Fresh & Easy Neighborhood Market, Inc., must pay $833,136 to settle a consumer protection case.
The San Diego District Attorney's, the San Diego City Attorney's, and the Riverside District Attorney's consumer and environmental protection units teamed up to file the case against the grocery store chain. Stores across California are subject to the settlement.
Prosecutors filed the civil complaint against company's owners, alleging that they posted prices for items in stores and then charged more for the purchases at checkout, according to a news release.
Also alleged was that the meat and seafood packages were tagged a higher price per pound than what was listed in the shelf prices. The prosecutors contend that these actions violated false advertising and unfair competition laws. The chain has 163 Fresh & Easy stores in California.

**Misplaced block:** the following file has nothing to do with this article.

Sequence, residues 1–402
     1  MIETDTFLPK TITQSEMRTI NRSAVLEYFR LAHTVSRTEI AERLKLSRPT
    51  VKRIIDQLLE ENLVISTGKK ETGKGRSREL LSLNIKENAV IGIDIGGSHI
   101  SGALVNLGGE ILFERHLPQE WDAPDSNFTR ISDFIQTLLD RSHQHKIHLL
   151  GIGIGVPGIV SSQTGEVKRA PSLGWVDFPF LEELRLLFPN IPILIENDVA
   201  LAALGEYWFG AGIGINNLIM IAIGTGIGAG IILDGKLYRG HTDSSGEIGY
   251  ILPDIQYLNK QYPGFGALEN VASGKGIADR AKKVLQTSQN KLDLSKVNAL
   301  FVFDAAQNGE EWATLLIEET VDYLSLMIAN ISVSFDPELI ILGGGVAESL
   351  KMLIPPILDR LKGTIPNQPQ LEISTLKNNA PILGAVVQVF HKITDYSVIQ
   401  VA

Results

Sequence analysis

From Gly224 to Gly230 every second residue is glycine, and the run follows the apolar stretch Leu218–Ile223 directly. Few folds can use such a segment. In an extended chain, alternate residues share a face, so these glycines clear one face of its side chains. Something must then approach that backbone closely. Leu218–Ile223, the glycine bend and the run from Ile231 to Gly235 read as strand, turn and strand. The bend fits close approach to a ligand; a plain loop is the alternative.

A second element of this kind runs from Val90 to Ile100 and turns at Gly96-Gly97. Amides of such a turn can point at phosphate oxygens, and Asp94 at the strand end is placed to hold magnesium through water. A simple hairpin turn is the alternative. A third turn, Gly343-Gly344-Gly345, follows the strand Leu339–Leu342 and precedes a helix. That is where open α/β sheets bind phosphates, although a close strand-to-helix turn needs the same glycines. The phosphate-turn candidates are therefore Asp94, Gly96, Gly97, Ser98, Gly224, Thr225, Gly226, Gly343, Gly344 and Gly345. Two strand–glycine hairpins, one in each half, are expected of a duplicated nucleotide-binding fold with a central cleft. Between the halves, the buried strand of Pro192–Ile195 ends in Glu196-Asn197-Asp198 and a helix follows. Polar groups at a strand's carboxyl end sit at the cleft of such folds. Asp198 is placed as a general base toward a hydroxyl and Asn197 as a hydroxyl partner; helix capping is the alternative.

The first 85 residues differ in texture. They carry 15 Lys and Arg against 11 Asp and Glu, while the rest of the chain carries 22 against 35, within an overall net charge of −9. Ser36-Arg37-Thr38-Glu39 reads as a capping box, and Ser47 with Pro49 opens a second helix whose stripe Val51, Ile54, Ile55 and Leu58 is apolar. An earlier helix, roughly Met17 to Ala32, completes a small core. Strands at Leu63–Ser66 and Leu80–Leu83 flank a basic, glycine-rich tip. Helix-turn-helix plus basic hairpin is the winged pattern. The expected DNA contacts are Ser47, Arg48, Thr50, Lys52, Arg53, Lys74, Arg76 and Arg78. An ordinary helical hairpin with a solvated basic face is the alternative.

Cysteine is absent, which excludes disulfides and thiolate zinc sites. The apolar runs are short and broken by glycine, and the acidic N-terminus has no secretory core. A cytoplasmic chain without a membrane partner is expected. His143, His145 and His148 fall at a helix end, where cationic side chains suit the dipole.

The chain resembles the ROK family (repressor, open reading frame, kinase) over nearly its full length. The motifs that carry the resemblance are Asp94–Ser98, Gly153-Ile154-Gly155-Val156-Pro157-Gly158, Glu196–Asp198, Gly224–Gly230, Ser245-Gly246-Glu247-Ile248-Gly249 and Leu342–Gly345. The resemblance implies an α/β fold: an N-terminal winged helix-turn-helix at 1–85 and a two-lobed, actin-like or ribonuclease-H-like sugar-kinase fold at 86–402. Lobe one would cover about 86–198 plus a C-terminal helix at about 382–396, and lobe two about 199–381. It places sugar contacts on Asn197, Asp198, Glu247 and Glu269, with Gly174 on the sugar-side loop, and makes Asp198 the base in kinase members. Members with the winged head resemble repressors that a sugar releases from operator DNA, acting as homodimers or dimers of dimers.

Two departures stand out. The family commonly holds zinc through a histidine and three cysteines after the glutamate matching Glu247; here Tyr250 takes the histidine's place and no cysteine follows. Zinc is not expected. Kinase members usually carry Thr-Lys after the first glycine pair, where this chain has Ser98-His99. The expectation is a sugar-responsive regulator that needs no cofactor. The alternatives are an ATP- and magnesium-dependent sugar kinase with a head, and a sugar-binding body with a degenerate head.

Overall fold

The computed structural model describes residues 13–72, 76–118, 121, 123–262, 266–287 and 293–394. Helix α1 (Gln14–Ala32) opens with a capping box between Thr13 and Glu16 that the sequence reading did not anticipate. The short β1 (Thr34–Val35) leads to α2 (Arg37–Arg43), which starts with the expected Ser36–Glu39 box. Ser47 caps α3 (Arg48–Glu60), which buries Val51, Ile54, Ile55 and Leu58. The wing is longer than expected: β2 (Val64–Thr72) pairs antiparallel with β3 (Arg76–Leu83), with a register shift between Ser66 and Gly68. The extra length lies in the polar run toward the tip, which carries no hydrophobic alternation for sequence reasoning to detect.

“Our Consumer Protection Unit works to make sure San Diegans get what they pay for,” said District Attorney Bonnie Dumanis. "In this latest case, our prosecutors did an outstanding job collaborating with the City Attorney and Riverside DA’s Office to arrive at today’s significant judgment.”
In Los Angeles County, the chain has locations in Manhattan Beach, Hermosa Beach, Palos Verdes Estates, Long Beach, Pico-Robertson, Encino, Hollywood, Northridge, Eagle Rock, Oak Park, North Hollywood, Van Nuys, and many more.
The court ordered Fresh & Easy not to commit future violations and imposed a penalty of $653,470, costs of $97,163, and restitution totaling $80,000.
The money will be used to establish a "Get it Free" program. Statewide, shoppers at the stores will be able to get $3 off the lowest advertised price of an item if overcharged at the register. If the lowest advertised price for the item is $3 or less, the customer will get it for free.
Weights and measures officials brought the case to prosecutors in 12 counties in California when they documented scanner and package overcharges during 124 inspections of 82 different Fresh & Easy stores, officials said.
“Our citizens need to have confidence when they shop that the price advertised is the one that is charged," San Diego City Attorney Jan I. Goldsmith said. "Actions like this are important to ensure that businesses deal fairly with their customers and compete fairly in the marketplace. ”